A survey by storage networking vendor Brocade has revealed that IT teams will struggle due to skills shortages over the next 12 months. For many organisations this is nothing new. They have been fighting skills shortages for well over a decade. This skills shortage has driven cloud adoption and the outsourcing of IT security. What is interesting in this survey is the wider context of the survey.
Like many surveys, the respondent pool is not large but it is geographically diverse. Vanson Bourne interviewed 630 people spread over the US, UK, Germany, France, Australia and Singapore. This diversity provides an interesting view across different business cultures.
According to Christine Heckart, chief marketing officer and senior vice president of ecosystems, Brocade: “Businesses are approaching the peak of IT strategic influence. Now is the moment that IT teams feel they have the strongest opportunity to influence the transformation of their organizations. However, with a rapidly changing technology landscape and potential impact on international labor markets, it is critical that IT receives the right training to further develop their skills and business relevance.”
What is the list of issues IT departments face?
The survey highlighted 13 major issues that IT departments are facing. They are:
- Limited budget
- Security concerns
- Limits of legacy technology
- Not enough staff
- Restrictive IT policies
- Outdated skills
- The current department infrastructure
- Legislative restrictions
- Lack of skills
- Lack of board support
- Other tasks taking priority
- Not having the latest technologies
- The IT department has limited decision-making power
A closer look at the issues
The survey provides a long list of limitations ranging from limited budgets to the lack of decision-making power the IT department has. Across all the areas one thing jumps out and that is French companies seem to have it made. 21% of French companies say nothing is preventing their IT departments delivering on business demands immediately. By comparison it is just 7% in Germany and the US, 6% in Singapore, 2% in the UK and 1% in Australia.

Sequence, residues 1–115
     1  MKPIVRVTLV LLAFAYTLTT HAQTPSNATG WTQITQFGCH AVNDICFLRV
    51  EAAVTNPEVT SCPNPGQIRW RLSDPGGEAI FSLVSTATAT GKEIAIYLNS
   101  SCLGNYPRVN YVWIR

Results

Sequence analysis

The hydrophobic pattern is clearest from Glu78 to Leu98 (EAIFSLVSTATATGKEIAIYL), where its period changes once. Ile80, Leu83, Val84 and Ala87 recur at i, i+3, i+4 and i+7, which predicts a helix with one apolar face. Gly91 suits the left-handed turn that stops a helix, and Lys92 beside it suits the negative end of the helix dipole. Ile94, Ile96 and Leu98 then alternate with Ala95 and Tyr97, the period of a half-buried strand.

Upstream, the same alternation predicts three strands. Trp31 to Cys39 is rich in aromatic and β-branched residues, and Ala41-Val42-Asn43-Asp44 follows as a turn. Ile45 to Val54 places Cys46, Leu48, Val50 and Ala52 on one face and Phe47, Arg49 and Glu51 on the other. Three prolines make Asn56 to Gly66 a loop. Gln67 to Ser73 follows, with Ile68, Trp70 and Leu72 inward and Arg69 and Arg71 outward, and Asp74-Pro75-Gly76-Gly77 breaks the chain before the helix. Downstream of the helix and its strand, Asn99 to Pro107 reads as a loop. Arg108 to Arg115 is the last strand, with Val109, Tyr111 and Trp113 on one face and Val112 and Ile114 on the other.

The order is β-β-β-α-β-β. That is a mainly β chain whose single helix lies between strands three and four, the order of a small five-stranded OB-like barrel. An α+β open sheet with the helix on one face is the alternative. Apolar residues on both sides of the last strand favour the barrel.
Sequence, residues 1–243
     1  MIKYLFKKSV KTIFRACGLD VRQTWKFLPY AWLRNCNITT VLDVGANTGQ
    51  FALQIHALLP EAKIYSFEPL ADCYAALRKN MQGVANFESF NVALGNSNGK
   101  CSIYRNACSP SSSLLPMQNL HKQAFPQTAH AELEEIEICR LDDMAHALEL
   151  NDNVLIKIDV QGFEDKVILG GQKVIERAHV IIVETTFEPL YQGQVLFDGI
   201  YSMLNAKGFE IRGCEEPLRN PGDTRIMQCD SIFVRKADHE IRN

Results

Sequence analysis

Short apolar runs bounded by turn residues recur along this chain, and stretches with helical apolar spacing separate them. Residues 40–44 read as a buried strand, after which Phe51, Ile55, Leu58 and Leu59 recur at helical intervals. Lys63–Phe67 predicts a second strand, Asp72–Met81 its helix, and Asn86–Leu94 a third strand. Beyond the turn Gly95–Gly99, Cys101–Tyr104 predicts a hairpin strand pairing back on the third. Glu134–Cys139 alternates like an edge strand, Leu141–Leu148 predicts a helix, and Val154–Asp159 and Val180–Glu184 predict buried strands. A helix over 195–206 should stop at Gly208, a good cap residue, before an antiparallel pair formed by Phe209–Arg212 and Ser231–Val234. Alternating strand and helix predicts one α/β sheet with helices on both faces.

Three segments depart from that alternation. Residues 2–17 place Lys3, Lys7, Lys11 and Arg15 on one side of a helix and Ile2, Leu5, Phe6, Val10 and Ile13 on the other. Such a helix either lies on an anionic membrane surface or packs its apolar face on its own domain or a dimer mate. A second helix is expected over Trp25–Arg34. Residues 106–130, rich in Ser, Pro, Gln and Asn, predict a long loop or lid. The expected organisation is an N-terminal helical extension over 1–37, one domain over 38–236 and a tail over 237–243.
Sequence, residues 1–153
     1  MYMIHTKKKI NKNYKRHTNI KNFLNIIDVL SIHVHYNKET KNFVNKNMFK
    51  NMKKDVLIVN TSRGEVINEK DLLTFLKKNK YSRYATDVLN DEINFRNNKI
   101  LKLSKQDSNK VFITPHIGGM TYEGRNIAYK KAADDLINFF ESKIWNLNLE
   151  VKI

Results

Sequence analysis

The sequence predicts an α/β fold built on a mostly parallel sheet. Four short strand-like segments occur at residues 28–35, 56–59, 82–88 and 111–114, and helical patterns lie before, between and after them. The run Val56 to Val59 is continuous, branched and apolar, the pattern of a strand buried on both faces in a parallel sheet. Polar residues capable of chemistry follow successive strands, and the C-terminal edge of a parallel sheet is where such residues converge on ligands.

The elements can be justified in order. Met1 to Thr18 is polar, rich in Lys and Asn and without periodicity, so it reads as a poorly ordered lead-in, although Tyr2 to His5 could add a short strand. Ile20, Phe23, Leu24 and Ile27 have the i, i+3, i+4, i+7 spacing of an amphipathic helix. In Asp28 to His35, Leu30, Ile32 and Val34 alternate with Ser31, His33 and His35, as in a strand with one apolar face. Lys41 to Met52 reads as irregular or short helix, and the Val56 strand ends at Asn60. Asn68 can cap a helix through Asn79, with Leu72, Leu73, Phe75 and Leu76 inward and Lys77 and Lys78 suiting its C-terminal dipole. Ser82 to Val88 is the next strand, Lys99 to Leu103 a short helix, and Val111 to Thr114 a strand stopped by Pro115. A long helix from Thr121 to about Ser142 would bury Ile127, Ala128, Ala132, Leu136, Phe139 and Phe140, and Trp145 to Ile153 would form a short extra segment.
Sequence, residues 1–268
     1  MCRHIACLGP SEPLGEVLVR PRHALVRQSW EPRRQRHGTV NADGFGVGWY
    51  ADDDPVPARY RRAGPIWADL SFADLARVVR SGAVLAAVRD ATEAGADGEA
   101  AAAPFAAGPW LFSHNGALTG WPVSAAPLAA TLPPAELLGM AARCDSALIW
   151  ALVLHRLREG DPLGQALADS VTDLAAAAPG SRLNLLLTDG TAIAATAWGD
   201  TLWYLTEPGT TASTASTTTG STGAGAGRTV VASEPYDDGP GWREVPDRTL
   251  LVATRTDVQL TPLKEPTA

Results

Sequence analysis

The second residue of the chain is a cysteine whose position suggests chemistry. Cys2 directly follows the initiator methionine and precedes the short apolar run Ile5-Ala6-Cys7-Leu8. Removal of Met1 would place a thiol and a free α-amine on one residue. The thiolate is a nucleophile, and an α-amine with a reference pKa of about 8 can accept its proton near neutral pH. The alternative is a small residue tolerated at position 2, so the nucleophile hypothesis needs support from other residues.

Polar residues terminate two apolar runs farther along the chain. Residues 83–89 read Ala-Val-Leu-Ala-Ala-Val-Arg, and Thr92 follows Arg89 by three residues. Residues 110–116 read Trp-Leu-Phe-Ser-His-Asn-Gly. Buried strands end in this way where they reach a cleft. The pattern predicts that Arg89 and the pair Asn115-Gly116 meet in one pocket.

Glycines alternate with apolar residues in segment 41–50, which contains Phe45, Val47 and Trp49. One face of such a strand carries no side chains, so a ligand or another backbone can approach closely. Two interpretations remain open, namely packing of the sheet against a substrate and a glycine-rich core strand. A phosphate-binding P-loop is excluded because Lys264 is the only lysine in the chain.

The same disparity between France and the other six countries occurs across almost every limitation. 80% of French IT departments appear to have no budget limitations. They also have very low security concerns and are not limited by legacy technology.
The country with the biggest staff issues is the UK with 42% of companies under resourced. Meanwhile Australia (39%) seems to be struggling with outdated skills.
One of the biggest surprises is in legislative restrictions. This survey comes just after another one from Veritas, also conducted by Vanson Bourne. That survey showed how unprepared companies were for GDPR. This survey, using six of the eight countries in the Veritas survey, paints a different picture. Germany (27%) was most concerned about legislative issues. Meanwhile the US (18%) seemed to think this was no big risk.
There is a disconnect between the two surveys. In the Veritas survey more US than German countries were worried about business closure or laying off the workforce. This survey seems to change that approach to legislative risks. However, it also shows the danger of extrapolating wider trends from multiple surveys using small pools of respondents.
Why is Brocade focused on the skills gap?